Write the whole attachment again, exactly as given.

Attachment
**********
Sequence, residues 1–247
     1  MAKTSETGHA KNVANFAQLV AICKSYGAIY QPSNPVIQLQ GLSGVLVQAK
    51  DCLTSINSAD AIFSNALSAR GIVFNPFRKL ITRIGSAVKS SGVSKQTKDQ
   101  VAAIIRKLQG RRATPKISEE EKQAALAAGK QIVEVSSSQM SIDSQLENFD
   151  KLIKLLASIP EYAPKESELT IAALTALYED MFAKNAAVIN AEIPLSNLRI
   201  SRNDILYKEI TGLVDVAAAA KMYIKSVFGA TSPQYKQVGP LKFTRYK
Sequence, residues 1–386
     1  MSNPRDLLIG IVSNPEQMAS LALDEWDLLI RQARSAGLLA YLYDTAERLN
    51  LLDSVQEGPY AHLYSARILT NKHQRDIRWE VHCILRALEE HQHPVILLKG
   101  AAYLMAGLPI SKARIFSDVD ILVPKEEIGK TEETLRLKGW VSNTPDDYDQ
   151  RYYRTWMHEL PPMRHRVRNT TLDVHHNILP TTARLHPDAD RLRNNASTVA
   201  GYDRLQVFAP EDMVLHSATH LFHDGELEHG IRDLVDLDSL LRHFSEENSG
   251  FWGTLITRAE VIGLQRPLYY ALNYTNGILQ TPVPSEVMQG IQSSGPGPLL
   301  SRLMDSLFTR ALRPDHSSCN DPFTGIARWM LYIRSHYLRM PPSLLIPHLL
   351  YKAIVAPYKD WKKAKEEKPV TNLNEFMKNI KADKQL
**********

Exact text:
Sequence, residues 1–247
     1  MAKTSETGHA KNVANFAQLV AICKSYGAIY QPSNPVIQLQ GLSGVLVQAK
    51  DCLTSINSAD AIFSNALSAR GIVFNPFRKL ITRIGSAVKS SGVSKQTKDQ
   101  VAAIIRKLQG RRATPKISEE EKQAALAAGK QIVEVSSSQM SIDSQLENFD
   151  KLIKLLASIP EYAPKESELT IAALTALYED MFAKNAAVIN AEIPLSNLRI
   201  SRNDILYKEI TGLVDVAAAA KMYIKSVFGA TSPQYKQVGP LKFTRYK
Sequence, residues 1–386
     1  MSNPRDLLIG IVSNPEQMAS LALDEWDLLI RQARSAGLLA YLYDTAERLN
    51  LLDSVQEGPY AHLYSARILT NKHQRDIRWE VHCILRALEE HQHPVILLKG
   101  AAYLMAGLPI SKARIFSDVD ILVPKEEIGK TEETLRLKGW VSNTPDDYDQ
   151  RYYRTWMHEL PPMRHRVRNT TLDVHHNILP TTARLHPDAD RLRNNASTVA
   201  GYDRLQVFAP EDMVLHSATH LFHDGELEHG IRDLVDLDSL LRHFSEENSG
   251  FWGTLITRAE VIGLQRPLYY ALNYTNGILQ TPVPSEVMQG IQSSGPGPLL
   301  SRLMDSLFTR ALRPDHSSCN DPFTGIARWM LYIRSHYLRM PPSLLIPHLL
   351  YKAIVAPYKD WKKAKEEKPV TNLNEFMKNI KADKQL